There is a real battle right now to define conservatism in America and that battle has made for an unusual first half of the Republican primary season. Interesting maybe, trifling and disheartening perhaps, but it has shined a very clear light on the fact that the Republican Party feels it has few leaders that accurately speak for the majority of them, in large part because the Party is scattered and there isn’t much connection to or consensus about the priorities of conservatives in America on a working-class, personal level. Some elements within the Party cling to outdated conservative tenets such as Deregulation always and everywhere, despite the fact that faulty unregulated financial practices led directly to the economic crisis. Some trade blatantly in emotional, reactionary rhetoric, a la anything Sarah Palin has ever said, the slogan “Drill baby drill!”, and the Tea Party movement in general. Some Neoconservative elements still persist, the influence of Religion (read: Christianity) is still alive and well in the Party (see: gay marriage debate), and Money and Greed are both still good, exemplified in the front-runner for the presidential nomination. The problem is that in the face of the greatest economic crisis since the Great Depression, no Republican has any good solutions and so much energy is spent whining and finding reasons to hate Obama that no one is taking the time to lead the cause for useful, compassionate, relevant conservatism. I had planned to post a second Presidential Politics article early in the race, back when Mitt Romney looked to have the nomination locked up, but distractions are distractions and other matters needed blog attention. The contest has changed considerably since then, so for those of us that may not be following all the ins and outs, let’s do a quick crash course in the 2012 Republican Primary race.
Essentially, the Primary system is a popularity contest. The idea is to whittle down the field of Republican candidates for the presidential election to determine the Party nominee – Republican only, because Obama is running for re-election and thus the Democrats already have their candidate. Each state has a primary election date and the basic concept is that each state has a certain number of delegates to commit toward the nomination, the winning number this year being 1144 (more than 50% of the total delegates). The rules of each state’s primary differ, as far as how the delegates are committed to each candidate; some states are winner-take-all, some are proportional. Also, the majority of the primaries are binding, meaning the delegates won count toward the candidates overall total but some are non-binding (e.g. Missouri) and don’t count toward the candidates’ totals, making the Primary results serve no more purpose than to know the opinions of the voting populace in that state. The central concept of the primary process is usually one of momentum; once one candidate has won a large majority of the primary contests the other candidates bow out and the Party has its nominee to be officially voted on and announced at the Republican National Convention (RNC) in August. This year is different and we’ll begin to see why as we look at the four remaining candidates and conservatives’ general lack of enthusiasm for any one of them.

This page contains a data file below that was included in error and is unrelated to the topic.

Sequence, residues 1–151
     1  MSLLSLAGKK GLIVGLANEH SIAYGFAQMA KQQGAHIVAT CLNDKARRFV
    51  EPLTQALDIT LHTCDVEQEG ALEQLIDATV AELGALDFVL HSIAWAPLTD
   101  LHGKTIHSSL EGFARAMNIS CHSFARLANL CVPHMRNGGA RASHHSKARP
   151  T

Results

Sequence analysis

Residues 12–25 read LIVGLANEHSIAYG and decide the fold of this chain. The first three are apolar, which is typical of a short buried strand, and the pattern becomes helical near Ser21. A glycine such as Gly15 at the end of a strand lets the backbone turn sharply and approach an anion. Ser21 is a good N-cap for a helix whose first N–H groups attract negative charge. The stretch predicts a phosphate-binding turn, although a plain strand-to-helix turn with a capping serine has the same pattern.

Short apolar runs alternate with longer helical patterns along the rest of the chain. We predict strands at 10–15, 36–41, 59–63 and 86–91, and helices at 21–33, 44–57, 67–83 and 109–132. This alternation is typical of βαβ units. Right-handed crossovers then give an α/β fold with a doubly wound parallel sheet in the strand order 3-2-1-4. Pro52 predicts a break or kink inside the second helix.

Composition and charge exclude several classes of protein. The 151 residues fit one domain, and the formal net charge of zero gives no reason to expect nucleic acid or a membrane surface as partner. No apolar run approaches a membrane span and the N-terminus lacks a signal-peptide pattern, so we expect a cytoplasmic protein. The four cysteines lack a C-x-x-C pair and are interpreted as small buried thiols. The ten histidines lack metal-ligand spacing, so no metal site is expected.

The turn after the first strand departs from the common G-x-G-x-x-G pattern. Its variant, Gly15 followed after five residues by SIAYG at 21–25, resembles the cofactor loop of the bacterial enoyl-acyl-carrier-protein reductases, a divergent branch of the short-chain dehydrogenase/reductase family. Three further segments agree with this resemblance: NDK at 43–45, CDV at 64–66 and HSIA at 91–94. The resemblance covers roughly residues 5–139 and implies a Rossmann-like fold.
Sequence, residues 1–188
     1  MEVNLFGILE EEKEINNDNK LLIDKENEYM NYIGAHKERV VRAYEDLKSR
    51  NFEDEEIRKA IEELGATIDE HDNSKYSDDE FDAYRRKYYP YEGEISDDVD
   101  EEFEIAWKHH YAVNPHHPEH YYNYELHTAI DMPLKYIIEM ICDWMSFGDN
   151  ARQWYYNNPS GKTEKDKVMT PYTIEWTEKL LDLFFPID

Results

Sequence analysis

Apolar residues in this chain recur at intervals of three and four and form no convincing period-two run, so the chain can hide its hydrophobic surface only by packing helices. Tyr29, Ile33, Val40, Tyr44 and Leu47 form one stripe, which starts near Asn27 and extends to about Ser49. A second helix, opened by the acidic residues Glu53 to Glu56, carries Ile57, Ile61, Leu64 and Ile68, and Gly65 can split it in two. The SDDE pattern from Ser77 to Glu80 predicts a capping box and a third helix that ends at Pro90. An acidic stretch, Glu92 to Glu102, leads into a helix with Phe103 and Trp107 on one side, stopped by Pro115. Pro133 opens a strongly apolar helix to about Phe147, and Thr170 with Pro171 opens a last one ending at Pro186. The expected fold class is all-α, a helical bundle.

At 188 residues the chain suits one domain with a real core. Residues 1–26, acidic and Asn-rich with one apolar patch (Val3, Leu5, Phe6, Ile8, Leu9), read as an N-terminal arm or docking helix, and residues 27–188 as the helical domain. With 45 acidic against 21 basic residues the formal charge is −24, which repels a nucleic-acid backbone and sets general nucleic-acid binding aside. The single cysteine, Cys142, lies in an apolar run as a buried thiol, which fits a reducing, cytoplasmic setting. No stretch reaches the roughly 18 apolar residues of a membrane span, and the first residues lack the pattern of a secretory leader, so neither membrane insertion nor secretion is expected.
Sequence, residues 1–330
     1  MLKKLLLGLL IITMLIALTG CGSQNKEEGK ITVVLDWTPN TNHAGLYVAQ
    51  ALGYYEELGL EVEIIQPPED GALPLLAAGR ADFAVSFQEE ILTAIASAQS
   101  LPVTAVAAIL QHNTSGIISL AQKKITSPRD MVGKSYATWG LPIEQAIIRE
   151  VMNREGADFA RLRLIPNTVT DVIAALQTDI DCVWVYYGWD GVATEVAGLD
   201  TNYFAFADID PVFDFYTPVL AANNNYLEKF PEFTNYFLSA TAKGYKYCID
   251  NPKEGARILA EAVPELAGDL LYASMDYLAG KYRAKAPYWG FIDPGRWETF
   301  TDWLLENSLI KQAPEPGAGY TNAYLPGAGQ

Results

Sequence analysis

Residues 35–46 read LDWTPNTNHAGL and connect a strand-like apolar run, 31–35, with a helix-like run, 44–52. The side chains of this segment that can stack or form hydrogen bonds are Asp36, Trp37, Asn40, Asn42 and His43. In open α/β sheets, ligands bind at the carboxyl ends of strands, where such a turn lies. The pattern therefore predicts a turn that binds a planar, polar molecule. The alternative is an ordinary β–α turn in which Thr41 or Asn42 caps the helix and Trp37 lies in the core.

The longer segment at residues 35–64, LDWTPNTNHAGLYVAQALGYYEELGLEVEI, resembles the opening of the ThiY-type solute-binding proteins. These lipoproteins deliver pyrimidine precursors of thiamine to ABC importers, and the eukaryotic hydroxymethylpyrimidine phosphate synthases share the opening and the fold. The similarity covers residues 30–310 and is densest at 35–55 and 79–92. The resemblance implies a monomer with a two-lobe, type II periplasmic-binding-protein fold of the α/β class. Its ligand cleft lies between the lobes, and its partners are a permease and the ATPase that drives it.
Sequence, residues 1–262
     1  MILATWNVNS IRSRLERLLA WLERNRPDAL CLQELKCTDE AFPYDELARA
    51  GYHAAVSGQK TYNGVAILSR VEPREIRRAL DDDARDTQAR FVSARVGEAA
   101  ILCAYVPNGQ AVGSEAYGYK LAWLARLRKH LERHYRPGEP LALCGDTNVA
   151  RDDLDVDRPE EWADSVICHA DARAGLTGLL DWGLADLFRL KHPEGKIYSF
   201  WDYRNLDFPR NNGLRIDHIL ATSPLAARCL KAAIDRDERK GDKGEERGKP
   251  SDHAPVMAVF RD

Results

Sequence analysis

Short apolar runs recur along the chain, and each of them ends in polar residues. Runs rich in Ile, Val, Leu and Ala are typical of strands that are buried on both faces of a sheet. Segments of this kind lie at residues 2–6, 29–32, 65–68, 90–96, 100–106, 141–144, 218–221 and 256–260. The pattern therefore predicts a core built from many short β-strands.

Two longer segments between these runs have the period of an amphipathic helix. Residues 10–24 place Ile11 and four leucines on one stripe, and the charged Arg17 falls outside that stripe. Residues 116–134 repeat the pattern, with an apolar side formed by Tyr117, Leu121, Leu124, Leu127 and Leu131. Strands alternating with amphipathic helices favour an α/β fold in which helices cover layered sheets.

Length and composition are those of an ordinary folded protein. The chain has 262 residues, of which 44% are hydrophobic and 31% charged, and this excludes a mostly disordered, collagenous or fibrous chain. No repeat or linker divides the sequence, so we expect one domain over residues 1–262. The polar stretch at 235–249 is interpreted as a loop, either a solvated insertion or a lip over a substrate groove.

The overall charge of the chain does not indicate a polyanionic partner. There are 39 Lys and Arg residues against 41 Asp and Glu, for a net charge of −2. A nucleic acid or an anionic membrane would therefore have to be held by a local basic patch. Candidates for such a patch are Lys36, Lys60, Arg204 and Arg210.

As I said at the beginning, the identity of conservatism, especially in a decade where the Tea Party has come into formation, seems to be being pulled in a number of directions. The size of government and the amount it spends dominate the national conversation, specifically in relation to the bailouts and the deficit. All four Republican candidates are vocal in their criticism of Obama’s handling of the economic crisis, a sentiment that is representative of the (conservative) American public, but have set forth few (if any) impressive ideas of their own on the matter. Beyond the economy, Obamacare, immigration, foreign policy (Iran), gay marriage and energy policy have risen as important possible election issues but with little in the way of a consensus.
Pretty much since the beginning of the Primary season, Mitt Romney has been the front-runner and appeared most likely to get the nomination. What was perhaps most disheartening about that, something that even those in Romney’s base know, is that he doesn’t actually believe in anything. It makes him a moderate, especially on social issues, but mostly by default. He represents a segment of the Republican population whose only real point of agreement is winning an election against Obama and feel (innately perhaps) that a centrist like Romney rather than his more conservative opponents, less likely to drive away independent voters who are not as adherent to conservative social beliefs, gives them their best chance of succeeding. Few (if any) Romney supporters describe themselves as ardent or passionately supportive and yet he somehow continues to be the front-runner.